Brinton Turkle

Brinton Turkle (1915–2003) grew up in Ohio, where he made visits to the art studio of his mother’s friend, Gertude Alice Kay, the famous Golden Age illustrator (also represented in the Museum’s collection). That experience proved a prophetic early art education. After working for a decade in advertising in New York City, Turkle submitted his first children’s book manuscript, Obadiah the Bold (1965), encouraged by his friend Ezra Jack Keats. Turkle went on to illustrate 81 more books, adeptly working in a variety of media. His stories and poetic imagery capture both the history and nuance of place and his deeply rooted Quaker values. 

In 2016, The Carle presented the exhibition A Friend Among Us: The Art of Brinton Turkle, which featured eight picture books Turkle wrote and illustrated, including his 1970 Caldecott Honor title Thy Friend, Obadiah. Turkle’s three children generously donated their father’s work to the Museum.

Illustration of boy running down street holding hat.

Brinton Turkle, Illustration for Obadiah the Bold (Beautiful Feet Books), 1965. Gift of the Brinton C. Turkle Family Collection. © 2018 The Eric Carle Museum of Picture Book Art.

Turkle set his four Obadiah stories on the island of Nantucket in the year 1805 (he had been enchanted by the island’s shingled houses and cobblestone streets during a weekend visit). Nantucket was home to a large Quaker community in the 18th century. Turkle, too, was a member of the Religious Society of Friends. 
 
Illustration of family walking along white fence.

Brinton Turkle, Illustration for Obadiah the Bold (Beautiful Feet Books), 1965. Gift of the Brinton C. Turkle Family Collection. © 2018 The Eric Carle Museum of Picture Book Art.

Illustration of boy and man looking off balcony and pointing.

A familiar feature of Nantucket architecture is the widow’s walk, a platform built atop a roof to provide open views to the sea. In this scene, Father shares stories about Obadiah’s grandfather, a brave mariner who sailed around Cape Horn four times.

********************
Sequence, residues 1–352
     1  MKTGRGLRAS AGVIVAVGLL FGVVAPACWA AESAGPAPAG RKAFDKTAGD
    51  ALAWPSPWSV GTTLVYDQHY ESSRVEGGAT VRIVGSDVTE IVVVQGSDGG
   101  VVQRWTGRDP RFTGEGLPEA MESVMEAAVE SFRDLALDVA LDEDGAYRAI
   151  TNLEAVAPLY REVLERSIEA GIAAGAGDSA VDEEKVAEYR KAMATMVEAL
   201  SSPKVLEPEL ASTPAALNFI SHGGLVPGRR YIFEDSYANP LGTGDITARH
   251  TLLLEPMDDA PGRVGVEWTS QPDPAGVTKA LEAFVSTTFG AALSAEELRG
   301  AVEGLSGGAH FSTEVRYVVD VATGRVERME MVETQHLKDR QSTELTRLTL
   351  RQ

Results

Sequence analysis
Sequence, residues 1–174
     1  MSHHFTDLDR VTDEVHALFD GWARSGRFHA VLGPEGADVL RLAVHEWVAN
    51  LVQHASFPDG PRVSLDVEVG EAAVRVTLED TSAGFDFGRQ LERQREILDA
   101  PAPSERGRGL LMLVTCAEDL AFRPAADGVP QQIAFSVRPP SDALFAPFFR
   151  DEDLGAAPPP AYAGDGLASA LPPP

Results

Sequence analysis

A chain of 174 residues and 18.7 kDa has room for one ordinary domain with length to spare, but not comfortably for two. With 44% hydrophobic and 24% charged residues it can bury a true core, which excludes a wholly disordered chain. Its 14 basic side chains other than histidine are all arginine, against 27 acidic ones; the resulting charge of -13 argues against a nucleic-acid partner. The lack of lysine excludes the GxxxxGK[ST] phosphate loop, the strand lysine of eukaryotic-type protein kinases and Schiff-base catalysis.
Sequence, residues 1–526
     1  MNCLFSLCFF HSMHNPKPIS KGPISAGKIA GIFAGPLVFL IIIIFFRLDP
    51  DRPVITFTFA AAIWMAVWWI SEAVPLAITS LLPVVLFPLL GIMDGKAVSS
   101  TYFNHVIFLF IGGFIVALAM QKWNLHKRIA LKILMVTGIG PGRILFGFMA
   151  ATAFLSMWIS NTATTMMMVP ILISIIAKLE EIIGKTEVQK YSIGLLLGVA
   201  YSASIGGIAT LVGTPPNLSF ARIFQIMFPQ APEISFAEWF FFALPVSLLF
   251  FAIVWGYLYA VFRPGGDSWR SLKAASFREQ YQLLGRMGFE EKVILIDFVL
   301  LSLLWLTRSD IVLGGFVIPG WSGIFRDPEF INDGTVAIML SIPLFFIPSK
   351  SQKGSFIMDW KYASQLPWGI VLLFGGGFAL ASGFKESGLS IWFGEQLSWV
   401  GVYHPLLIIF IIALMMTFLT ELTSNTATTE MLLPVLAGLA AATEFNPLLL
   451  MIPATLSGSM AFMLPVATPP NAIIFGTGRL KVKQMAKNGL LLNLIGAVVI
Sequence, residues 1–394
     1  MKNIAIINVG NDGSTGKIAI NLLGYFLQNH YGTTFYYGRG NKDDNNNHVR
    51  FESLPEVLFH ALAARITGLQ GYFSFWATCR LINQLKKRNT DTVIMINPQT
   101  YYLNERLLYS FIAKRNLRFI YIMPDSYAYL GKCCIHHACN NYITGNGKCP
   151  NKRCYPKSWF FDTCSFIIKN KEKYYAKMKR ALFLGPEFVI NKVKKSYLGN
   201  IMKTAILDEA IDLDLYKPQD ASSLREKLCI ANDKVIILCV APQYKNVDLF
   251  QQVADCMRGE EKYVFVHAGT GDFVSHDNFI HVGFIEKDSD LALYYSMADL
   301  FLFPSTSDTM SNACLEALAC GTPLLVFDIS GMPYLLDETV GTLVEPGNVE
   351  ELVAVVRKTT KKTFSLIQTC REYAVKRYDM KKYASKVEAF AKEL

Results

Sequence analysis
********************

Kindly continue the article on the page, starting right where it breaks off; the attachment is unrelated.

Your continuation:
Brinton Turkle, Illustration for Obadiah the Bold (Beautiful Feet Books), 1965. Gift of the Brinton C. Turkle Family Collection. © 2018 The Eric Carle Museum of Picture Book Art.

Illustration of cowboys dancing to fiddler.

Brinton Turkle, Illustration for The Fiddler of High Lonesome. Gift of the Brinton C. Turkle Family Collection. © 1968 Brinton Turkle.

Illustration of cowboys walking into moonlight.

Brinton Turkle, Illustration for The Fiddler of High Lonesome. Gift of the Brinton C. Turkle Family Collection. © 1968 Brinton Turkle.

Illustration of man picking up boy by the collar.

Brinton Turkle, Illustration for The Fiddler of High Lonesome. Gift of the Brinton C. Turkle Family Collection. © 1968 Brinton Turkle.

Turkle joked that The Fiddler of High Lonesome is probably the only book in history where the artist fought to have it printed in black and white rather than color. He wanted the artwork to match the story’s “dark” mood. 
 
Illustration of boy flying kite.

Brinton Turkle, Illustration for Sky Dog. Gift of the Brinton C. Turkle Family Collection. © 1969 Brinton Turkle.